The sociobiology of sex: inclusive fitness consequences of inter-sexual interactions

Tommaso Pizzari*, Andy Gardner

*Corresponding author for this work

Research output: Contribution to journalReview articlepeer-review

37 Citations (Scopus)

Abstract

The diversity of social interactions between sexual partners has long captivated biologists, and its evolution has been interpreted largely in terms of 'direct fitness' pay-offs to partners and their descendants. Inter-sexual interactions also have 'indirect effects' by affecting the fitness of relatives, with important consequences for inclusive fitness. However, inclusive fitness arguments have received limited consideration in this context, and definitions of 'direct' and 'indirect' fitness effects in this field are often inconsistent with those of inclusive fitness theory. Here, we use a sociobiology approach based on inclusive fitness theory to distinguish between direct and indirect fitness effects. We first consider direct effects: we review how competition leads to sexual conflict, and discuss the conditions under which repression of competition fosters sexual mutualism. We then clarify indirect effects, and show that greenbeard effects, kin recognition and population viscosity can all lead to episodes of indirect selection on sexual interactions creating potential for sexual altruism and spite. We argue that the integration of direct and indirect fitness effects within a sociobiology approach enables us to consider a more diverse spectrum of evolutionary outcomes of sexual interactions, and may help resolving current debates over sexual selection and sexual conflict.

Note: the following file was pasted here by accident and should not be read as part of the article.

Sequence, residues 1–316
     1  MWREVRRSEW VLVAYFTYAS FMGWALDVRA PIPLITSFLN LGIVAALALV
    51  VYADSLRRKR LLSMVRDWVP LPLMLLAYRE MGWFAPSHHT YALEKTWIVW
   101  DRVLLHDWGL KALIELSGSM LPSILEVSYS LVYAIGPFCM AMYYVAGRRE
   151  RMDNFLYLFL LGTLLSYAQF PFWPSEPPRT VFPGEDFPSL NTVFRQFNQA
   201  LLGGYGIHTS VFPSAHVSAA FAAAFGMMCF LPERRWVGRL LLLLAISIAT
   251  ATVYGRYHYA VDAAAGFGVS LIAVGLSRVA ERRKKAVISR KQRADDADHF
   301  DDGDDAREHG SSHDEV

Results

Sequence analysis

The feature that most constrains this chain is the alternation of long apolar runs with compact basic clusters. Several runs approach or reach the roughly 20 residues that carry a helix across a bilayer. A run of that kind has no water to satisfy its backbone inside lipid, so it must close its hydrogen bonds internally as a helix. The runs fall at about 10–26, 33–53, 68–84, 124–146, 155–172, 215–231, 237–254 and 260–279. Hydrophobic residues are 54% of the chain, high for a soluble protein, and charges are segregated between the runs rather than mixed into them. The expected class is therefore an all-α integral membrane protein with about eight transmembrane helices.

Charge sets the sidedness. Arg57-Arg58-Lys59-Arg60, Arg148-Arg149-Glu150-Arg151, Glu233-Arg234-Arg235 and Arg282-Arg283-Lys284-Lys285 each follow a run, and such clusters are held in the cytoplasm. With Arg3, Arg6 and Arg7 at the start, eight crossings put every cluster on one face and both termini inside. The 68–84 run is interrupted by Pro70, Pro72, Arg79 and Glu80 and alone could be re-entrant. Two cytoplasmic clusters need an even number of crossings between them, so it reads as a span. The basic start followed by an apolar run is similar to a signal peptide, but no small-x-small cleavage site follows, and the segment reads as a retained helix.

Original languageEnglish
Pages (from-to)2314-2323
Number of pages10
JournalPhilosophical Transactions of the Royal Society. B, Biological Sciences
Volume367
Issue number1600
DOIs
Publication statusPublished - 19 Aug 2012

Keywords

  • sexual selection
  • kin selection
  • sexual conflict
  • greenbeard
  • Fisherian runaway
  • MATE CHOICE
  • KIN SELECTION
  • POPULATION-STRUCTURE
  • VISCOUS POPULATIONS
  • SPERM COMPETITION
  • ANIMAL SOCIETIES
  • MATING-BEHAVIOR
  • REDBACK SPIDERS
  • HARMFUL MALES
  • EVOLUTION

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